Some of this pagan zeal marked the National Socialist movement of Adolf Hitler. The art he required was classical art, with classical figures and “freedom.” Again, this was an aspect of anti-Christianism.

Culture today is defined in terms of some cultural products, i.e., paint­ings, novels, buildings, music, and the like. These are cultural expres­sions, not culture itself. The life and faith of a people is the heart of the culture. A culture is neither the organization nor the artifacts of a society, but that which makes its outward and visible life tenable. It is the faith men live by, the ideas, doctrines, and beliefs that govern their total lives.

Charles Gray Shaw, in James Hasting’s Encyclopedia of Religion and Ethics, called attention to the distinction between nature and culture. Our sex, nationality, and heredity are matters of nature. How we live is a reflection of our culture.

Where and when men have been truly Christian, every area of life and thought has reflected their faith. When, with the Enlightenment, men turned their backs on Christianity, while maintaining a formal adherence to the church, the result was a neoclassical culture. The ideal society was seen in Greek and Roman terms, and life and education began to reflect such a faith.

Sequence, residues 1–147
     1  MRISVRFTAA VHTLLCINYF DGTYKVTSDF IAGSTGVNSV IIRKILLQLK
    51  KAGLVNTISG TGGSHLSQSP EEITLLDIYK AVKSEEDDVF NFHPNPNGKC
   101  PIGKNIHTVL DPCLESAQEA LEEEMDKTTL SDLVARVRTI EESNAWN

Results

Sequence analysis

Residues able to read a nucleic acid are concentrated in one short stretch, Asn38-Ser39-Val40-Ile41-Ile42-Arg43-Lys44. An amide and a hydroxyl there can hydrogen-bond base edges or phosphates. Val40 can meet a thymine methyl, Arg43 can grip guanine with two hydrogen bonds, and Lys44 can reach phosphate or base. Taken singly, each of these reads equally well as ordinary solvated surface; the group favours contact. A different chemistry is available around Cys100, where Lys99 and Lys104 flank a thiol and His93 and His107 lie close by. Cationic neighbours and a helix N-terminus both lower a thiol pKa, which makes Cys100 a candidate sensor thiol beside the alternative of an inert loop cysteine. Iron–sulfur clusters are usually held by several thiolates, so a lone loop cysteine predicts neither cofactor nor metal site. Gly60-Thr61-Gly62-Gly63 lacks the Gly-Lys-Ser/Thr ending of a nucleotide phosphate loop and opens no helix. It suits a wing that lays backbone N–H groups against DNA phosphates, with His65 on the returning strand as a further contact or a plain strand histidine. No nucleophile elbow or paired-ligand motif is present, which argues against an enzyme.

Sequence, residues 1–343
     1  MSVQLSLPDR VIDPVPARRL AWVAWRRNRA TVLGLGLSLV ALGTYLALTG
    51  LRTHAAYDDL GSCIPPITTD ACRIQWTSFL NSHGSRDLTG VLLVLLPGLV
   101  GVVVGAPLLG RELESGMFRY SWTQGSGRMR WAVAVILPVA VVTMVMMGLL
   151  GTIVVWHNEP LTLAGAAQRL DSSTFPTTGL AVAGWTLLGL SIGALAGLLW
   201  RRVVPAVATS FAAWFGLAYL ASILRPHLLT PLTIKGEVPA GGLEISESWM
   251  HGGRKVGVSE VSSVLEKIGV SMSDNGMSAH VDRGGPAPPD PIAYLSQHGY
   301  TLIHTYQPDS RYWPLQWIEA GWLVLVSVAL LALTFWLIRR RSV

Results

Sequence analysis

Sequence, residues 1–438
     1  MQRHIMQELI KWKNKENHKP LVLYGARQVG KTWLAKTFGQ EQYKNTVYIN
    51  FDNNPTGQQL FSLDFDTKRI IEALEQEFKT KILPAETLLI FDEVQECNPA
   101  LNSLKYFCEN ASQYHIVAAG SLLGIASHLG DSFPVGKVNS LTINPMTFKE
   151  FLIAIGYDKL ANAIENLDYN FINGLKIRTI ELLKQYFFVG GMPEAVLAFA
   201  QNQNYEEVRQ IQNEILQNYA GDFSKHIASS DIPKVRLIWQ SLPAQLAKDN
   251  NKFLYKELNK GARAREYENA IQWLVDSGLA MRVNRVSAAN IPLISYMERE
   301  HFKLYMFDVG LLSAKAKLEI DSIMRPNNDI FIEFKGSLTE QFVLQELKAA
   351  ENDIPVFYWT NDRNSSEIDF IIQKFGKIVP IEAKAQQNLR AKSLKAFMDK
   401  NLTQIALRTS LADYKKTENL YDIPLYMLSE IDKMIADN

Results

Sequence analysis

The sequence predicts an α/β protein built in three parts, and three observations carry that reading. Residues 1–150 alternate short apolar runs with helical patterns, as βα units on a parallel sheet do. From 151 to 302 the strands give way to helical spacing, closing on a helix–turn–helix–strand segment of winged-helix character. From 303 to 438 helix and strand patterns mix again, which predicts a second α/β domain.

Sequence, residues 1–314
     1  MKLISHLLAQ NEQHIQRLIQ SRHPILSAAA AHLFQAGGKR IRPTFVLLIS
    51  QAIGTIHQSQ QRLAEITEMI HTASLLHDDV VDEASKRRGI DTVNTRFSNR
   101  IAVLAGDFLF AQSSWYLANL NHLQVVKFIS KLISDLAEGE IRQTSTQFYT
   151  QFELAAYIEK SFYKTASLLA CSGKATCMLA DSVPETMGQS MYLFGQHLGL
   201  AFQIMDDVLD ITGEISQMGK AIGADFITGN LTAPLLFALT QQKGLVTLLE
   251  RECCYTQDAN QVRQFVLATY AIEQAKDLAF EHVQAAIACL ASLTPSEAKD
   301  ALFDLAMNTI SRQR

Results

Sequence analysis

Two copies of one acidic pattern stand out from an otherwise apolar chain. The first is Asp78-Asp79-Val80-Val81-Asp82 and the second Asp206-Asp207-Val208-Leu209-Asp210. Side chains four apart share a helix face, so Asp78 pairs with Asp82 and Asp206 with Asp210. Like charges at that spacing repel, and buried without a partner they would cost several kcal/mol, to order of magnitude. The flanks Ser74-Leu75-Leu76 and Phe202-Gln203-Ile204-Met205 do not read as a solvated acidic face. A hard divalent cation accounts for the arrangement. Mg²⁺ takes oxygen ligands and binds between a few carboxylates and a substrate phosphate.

We have had various kinds of non-Christian cultures, Romanticism, modernism, Marxism, fascism, etc., all reflecting faiths seeking to sup­plant Christianity and reflecting the faith of men at war with Christ.

The life of a people is an expression of their faith. The two major expressions of a ruling faith are law and education. Only when we have God’s law govern a nation, and Christian schools provide its education, can we speak of a Christian culture. It is a faith, a religion, which is be­hind every culture, and to confuse the expressions with their source is to forsake reality.

But today we see this confusion all around us. We have crime-ridden cities, where business is declining and meaninglessness is rampant, which discuss as the remedy an arts council, a series of concerts, music educa­tion, dancing classes for the young, and so on. The cultural expressions are seen as the regenerating forces rather than the faith behind them.